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Protecting Rights and Promoting Freedom on the Electron;c Frontier
July 1, 2004 Via Hand Delivery, Facsimile and Email HonorableMembersof the Budget Committee SupervisorGerardoSandoval, Chair Supervisors Chris Daly and JakeMcGoldrick, Members Board of Supervisors City Hall 1 Dr. Carlton B. GoodlettPlace,Room 244 SanFrancisco,CA 94102-4689 RE: Electronic Frontier Foundation opposition to RFms at the San Francisco Public Library Dear Chair Sandovaland BudgetCommitteeMembers: Imaginea world whereyour everypossession clothes,cash,books- could be preciselyand invisibly tracked. mthis world, your purchases, movements, activities could be monitoredin and real time or recordedfor posterityby marketers the government, without your knowledgeor or all consent. This is the world that RFID (radio-frequency technologycould produceifRFIDs and RFID ID) sensors becomecommon. Toutedasthe new bar code,RFID technologyusestiny computer chips and antennas integratedinto "tags" that hold data- at the very least,a uniqueID numberand report that datawhen triggeredby an electronicscanner, thus enablingthe automatic identification andtracking of taggedgoods. RFIDs the size of a grain of rice canbe nearinvisibly embedded the sweater in you're wearing,the disposable razor you've bought,or the book you'vejust checkedout of the library. Threeaspects ofRFIDs createproblemsfor personalprivacy. First, they're promiscuous:they'll talk to any compatiblereader. Second, they're stealthy:not only arethe tagsthemselves inconspicuous, can't know when they're transmittinginformation. Third, they're remotely you readable:they canbe readat a distancethroughmaterialslike cardboard, cloth, and plastic. That's why U.S. Senator Patrick Leahy calledRFIDs "barcodeson steroids"andwarnedthat they herald an ageof "micro monitoring.'" RFIDs poseseveralgenericprivacy threats:the ID linkagethreat;the inventory threat;and the tracking threat. The ID linkage threatis pretty self-explanatory because RFIDs are unique, promiscuous, stealthy,and remotelyreadable, your personalidentity canbe linked to your RFID1 Remarks Senator of PatrickLeahy, "TheDawnof Micro Monitoring: Promise Its Its and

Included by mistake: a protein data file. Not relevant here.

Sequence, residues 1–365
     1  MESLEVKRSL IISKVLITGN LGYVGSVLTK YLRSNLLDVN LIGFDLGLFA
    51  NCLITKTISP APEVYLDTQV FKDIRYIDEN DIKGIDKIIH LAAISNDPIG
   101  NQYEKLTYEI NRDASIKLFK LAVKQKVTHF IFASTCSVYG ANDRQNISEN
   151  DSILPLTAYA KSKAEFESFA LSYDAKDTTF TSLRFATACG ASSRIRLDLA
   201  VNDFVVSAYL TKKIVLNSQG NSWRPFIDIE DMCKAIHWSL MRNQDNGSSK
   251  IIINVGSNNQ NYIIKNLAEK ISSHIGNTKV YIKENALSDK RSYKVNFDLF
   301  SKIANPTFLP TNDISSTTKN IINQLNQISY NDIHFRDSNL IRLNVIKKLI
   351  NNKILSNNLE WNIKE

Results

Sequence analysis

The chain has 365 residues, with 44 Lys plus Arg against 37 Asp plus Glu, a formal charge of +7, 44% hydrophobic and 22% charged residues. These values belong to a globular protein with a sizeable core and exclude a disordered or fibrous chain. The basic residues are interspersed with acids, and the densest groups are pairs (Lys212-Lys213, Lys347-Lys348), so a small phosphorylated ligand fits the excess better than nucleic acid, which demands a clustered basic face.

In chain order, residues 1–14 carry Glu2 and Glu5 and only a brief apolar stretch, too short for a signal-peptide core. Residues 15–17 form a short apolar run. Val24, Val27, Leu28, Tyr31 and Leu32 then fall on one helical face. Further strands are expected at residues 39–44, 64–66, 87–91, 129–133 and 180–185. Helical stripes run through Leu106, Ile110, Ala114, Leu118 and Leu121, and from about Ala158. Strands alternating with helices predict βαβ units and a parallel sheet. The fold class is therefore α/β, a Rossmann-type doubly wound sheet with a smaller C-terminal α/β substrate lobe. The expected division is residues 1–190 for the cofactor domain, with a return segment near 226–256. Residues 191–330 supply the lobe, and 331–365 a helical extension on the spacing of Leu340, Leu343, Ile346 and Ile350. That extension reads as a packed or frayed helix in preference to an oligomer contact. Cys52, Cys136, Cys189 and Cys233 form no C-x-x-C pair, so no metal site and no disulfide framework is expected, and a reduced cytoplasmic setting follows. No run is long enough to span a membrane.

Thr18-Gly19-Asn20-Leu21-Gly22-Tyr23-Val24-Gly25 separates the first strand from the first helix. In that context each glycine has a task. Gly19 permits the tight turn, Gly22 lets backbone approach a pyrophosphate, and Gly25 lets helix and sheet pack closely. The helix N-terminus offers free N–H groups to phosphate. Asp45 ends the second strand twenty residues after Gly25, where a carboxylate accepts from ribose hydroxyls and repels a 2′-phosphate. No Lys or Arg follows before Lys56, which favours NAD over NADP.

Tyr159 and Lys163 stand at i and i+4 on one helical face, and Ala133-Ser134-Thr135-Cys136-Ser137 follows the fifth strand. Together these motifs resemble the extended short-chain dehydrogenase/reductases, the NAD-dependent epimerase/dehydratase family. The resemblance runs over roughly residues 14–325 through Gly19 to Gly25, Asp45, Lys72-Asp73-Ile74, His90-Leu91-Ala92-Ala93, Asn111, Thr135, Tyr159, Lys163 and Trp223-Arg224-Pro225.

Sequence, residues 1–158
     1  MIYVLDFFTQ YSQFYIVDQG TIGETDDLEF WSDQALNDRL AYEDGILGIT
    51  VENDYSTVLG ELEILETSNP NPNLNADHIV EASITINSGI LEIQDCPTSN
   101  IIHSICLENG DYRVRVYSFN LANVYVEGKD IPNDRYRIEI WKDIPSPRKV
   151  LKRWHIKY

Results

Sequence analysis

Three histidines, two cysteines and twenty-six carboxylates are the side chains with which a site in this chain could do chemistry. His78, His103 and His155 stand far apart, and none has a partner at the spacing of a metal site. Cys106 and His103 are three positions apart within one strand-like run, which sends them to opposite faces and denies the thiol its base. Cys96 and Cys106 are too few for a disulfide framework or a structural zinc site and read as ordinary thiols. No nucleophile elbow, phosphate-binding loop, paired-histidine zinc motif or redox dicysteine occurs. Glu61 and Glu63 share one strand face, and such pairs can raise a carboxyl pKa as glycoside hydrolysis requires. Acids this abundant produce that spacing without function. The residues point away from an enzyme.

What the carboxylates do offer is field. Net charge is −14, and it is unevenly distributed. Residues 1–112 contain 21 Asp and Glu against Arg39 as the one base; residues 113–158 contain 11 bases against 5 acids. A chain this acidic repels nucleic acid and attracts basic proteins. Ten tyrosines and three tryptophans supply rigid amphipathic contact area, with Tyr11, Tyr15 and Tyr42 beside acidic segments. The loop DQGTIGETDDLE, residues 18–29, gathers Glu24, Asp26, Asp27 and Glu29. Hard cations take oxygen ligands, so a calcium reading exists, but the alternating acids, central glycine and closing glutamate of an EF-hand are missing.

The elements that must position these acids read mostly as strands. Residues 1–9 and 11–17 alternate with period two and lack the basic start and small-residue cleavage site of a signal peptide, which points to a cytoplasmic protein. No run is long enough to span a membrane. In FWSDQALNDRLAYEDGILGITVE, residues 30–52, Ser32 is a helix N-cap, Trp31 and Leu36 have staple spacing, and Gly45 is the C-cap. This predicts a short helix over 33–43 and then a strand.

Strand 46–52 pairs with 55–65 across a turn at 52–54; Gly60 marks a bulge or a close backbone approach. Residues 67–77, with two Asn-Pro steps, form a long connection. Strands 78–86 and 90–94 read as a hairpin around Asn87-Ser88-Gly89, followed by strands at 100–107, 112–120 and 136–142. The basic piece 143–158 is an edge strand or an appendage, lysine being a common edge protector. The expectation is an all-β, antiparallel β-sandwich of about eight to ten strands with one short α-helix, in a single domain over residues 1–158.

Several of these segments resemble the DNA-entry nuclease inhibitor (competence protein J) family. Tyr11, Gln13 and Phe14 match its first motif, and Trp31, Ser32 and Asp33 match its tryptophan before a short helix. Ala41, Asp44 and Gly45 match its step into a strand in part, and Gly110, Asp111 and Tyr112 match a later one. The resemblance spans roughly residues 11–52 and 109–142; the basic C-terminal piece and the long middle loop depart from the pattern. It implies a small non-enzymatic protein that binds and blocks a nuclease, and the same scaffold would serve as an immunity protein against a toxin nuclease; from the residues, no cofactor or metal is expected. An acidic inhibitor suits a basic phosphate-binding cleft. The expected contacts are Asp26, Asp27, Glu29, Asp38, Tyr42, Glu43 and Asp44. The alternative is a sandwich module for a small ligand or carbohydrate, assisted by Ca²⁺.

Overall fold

Challenges Privacy and Security," Conference Video Surveillance:Legal and Technological to on Challenges, Georgetown University Law Center,Mar. 23, 2004, <http://leahy.senate.gov/press/200403/032304.htm1>.
454 Shotwell Street. San Francisco, CA 94110 USA +14154369333 0 +14154369993 0 www.eff.org
HonorableMembersof the BudgetCommittee SanFranciscoBoard of Supervisors July I, 2004 Page2